But having done a bit more research, I think I need to visit a few more… The George deserves a second try. And the following have been added to the list! The Bull and Swan, Lord Burleigh, The Dolphin, The White Swan, The Green Man, The Periwig, and The St Peters Inn. Yup, Stamford just might become one of my favorite places in England! Here's more info…
Dinner was a really yummy breaded chicken dish with new potatoes.
Friday June 15th - Move engines
Rain!! This was one of the few days when I failed to provide great weather. Good chance to just kick back and be lazy and read. Also make a beer run (where does it all go?) Jim and I moved Andy's latest toy; a 4 hp Ruston-Hornsby AP over to the Unit where French Brother's Insulation does their fabrication work.
While there we checked out Andy's Petter Light and Jim's new Petter Handyman. Sweet!! Also the "coffee maker" on Andy's 6 hp Ruston-Hornsby AP.
I spotted a neat little Lister water pump looking lonely and ignored. Jim mentioned that he thought Andy was selling it. Memo to self - talk to Andy about the pump.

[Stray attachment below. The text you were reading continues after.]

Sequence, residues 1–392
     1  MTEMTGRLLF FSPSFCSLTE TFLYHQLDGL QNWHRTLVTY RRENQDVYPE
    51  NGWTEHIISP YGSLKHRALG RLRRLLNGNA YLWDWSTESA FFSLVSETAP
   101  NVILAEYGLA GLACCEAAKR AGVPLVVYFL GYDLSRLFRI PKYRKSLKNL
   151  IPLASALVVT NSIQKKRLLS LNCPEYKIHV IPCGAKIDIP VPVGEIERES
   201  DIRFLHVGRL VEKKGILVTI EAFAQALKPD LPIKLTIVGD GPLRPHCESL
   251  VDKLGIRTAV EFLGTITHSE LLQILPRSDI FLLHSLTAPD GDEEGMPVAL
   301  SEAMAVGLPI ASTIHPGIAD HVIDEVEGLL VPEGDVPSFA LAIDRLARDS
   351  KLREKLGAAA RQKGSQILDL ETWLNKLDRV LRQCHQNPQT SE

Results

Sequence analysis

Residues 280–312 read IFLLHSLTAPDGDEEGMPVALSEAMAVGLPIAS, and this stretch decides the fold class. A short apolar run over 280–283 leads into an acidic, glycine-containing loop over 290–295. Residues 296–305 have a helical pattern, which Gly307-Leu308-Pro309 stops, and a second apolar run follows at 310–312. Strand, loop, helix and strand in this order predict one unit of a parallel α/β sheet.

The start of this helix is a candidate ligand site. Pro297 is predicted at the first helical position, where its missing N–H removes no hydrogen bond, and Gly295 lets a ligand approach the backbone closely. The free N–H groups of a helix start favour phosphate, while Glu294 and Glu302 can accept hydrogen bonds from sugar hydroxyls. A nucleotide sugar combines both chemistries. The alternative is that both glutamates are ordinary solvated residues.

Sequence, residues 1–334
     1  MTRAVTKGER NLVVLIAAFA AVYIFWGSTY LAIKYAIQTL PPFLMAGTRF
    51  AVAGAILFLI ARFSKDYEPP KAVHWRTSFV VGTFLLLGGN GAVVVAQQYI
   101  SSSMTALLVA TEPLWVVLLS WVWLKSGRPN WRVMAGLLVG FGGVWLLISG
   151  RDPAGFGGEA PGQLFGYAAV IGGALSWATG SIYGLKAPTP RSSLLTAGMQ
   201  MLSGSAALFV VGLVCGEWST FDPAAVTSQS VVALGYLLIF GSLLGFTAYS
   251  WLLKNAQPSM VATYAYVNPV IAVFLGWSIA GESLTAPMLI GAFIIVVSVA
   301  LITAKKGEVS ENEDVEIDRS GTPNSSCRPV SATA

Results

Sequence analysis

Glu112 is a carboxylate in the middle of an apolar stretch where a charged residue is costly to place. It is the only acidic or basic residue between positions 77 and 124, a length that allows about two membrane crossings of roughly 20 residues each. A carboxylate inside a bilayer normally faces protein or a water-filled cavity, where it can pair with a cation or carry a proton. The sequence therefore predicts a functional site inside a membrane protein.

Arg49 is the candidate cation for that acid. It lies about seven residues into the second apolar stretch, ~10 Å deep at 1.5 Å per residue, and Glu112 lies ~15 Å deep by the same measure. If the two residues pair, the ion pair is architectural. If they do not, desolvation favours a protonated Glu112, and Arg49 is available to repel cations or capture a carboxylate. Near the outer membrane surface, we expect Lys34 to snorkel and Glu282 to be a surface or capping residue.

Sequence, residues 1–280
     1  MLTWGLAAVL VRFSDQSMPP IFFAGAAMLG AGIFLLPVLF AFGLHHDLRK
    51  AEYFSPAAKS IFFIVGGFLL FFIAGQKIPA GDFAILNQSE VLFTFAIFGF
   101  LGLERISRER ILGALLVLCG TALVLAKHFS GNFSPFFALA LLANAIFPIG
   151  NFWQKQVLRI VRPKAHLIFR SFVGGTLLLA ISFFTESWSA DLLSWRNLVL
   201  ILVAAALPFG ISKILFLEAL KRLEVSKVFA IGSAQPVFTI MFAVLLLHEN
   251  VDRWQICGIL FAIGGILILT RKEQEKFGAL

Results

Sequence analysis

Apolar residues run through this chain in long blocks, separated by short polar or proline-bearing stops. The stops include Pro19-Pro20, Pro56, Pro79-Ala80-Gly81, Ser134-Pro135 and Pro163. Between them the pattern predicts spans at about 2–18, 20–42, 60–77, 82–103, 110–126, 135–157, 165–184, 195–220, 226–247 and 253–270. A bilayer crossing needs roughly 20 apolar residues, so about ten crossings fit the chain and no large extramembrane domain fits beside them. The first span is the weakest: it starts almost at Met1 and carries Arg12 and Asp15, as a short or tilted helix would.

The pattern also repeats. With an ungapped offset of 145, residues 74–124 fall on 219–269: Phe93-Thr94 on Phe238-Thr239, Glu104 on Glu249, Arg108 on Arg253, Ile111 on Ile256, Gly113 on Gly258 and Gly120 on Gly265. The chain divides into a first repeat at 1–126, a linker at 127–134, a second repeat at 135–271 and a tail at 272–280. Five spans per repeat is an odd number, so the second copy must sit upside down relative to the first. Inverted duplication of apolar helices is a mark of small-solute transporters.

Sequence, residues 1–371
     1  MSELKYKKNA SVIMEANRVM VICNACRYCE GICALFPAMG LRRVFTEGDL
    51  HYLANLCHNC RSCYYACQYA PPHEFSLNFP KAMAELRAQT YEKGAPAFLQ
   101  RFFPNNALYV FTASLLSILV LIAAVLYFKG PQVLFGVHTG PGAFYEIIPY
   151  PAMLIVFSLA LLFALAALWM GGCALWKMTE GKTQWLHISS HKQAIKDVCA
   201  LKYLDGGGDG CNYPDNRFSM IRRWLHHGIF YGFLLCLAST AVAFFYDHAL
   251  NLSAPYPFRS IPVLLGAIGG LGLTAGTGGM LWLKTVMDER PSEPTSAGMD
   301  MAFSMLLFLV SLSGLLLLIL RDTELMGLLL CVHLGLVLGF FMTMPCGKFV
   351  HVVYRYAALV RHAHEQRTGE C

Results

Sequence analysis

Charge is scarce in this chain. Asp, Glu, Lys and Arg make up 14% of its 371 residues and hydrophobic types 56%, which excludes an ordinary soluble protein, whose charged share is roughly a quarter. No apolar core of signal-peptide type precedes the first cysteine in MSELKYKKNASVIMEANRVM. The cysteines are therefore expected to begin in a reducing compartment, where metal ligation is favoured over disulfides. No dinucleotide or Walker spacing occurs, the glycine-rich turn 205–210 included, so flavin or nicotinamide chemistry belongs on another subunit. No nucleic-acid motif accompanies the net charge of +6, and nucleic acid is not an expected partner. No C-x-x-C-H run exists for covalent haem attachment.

Dinner was Chinese takeaway with fresh strawberries and cream for dessert. YUM! And I took this opportunity to introduce the French clan to Fortune Cookies. Can you believe their Chinese places don't have Fortune Cookies??? Bloody primitive country!!
Saturday June 16th
Late Friday Jim got a call from Len Gillings. We were all invited to a private engine rally at Phil & Sheila Laight's place. Phil was going to do a "proof run" on his newly restored 1929 9HP spring injection Blackstone before the 1000 Engine Rally at Astle Park next weekend. Phil has it belted to the original generator with the electrical panel. Quite a sweet running showpiece.